... must be surmounted. A judicious weeding during the first week is the initial part of the plan. Interest may be aroused at once in the demonstration lectures by mechanical tricks that show apparent violations of Newton's Laws. These group around the type of experiment which shows a modification of the natural uniform rectilinear motion of any object by some hidden force, most often a concealed magnetic field. The instinctive adherence ...
— College Teaching - Studies in Methods of Teaching in the College • Paul Klapper

... Bowness; ... a rainy and raw day.... Went to the ferry, much disgusted with the new erections about Windermere; ... thence to Hawkshead: great change among the people since we were last there. Next day by Rydal to Grasmere, Robert Newton's. At Robert Newton's we have remained till to-day. John left us on Tuesday: we walked with him to the tarn. This day was a fine one, and we had some grand mountain scenery; the rest of the week has been bad weather. The evening before last we ...
— The Prose Works of William Wordsworth • William Wordsworth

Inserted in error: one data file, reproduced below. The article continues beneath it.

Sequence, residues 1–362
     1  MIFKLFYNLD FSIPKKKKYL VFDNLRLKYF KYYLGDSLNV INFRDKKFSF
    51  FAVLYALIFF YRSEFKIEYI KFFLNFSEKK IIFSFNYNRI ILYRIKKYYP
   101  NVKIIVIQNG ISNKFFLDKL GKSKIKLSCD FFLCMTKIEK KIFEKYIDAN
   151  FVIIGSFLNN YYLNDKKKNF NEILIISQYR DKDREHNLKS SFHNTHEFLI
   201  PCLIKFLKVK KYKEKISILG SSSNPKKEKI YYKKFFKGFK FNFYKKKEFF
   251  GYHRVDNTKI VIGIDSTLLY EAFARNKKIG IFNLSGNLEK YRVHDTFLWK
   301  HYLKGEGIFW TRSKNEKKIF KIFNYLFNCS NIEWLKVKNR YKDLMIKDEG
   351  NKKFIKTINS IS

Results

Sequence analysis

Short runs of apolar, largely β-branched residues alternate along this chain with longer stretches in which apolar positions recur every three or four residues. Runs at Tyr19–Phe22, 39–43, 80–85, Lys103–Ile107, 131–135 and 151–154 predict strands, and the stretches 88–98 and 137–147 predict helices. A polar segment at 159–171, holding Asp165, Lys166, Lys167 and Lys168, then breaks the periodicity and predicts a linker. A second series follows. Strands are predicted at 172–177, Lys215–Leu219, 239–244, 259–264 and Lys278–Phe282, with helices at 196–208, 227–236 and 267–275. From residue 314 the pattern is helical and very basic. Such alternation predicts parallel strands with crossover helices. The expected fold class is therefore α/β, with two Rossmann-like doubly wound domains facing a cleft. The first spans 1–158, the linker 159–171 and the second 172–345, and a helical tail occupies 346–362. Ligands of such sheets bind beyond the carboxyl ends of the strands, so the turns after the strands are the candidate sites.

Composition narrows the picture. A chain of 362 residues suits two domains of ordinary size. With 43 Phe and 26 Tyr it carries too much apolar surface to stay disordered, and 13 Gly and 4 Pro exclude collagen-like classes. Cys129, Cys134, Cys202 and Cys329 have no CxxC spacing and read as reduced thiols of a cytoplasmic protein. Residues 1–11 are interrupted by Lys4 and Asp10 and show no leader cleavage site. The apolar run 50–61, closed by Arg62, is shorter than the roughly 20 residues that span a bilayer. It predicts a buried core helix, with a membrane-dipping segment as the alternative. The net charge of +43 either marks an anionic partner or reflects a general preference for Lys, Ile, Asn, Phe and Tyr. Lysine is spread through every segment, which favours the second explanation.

... Milles has a delightful account of the reception accorded to Rowley in the Chatterton household. Neither mother nor sister would appear to have understood a line of the poems, but Mary Chatterton (afterwards Mrs. Newton) remembered she had been particularly wearied with a 'Battle of Hastings' of which her brother would ...
— The Rowley Poems • Thomas Chatterton

... AGRICULTURE.—The Senate on Friday, the 29th ult., confirmed the nomination of the Hon. Horace Capron as Commissioner of Agriculture to fill the position made vacant by the death of Isaac Newton, the ...
— Scientific American, Vol. 17, No. 26 December 28, 1867 • Various

... Shakespeare, Milton, Bacon, Newton, Burke, William Blake: such would be our shining classification for poetry, philosophy, science, politics, art, in ...
— Senatorial Character - A Sermon in West Church, Boston, Sunday, 15th of March, - After the Decease of Charles Sumner. • C. A. Bartol

... and partly to scientific caution, Ptolemy's work is one of the great monuments of human industry and knowledge. For the Old World it remained the basis of all geographical knowledge up to the beginning of the last century, just as his astronomical work was only finally abolished by the work of Newton. Ptolemy has thus the rare distinction of being the greatest authority on two important departments of human knowledge—astronomy and geography—for over fifteen hundred years. Into the details of his description of the world it is unnecessary to go. The map will ...
— The Story of Geographical Discovery - How the World Became Known • Joseph Jacobs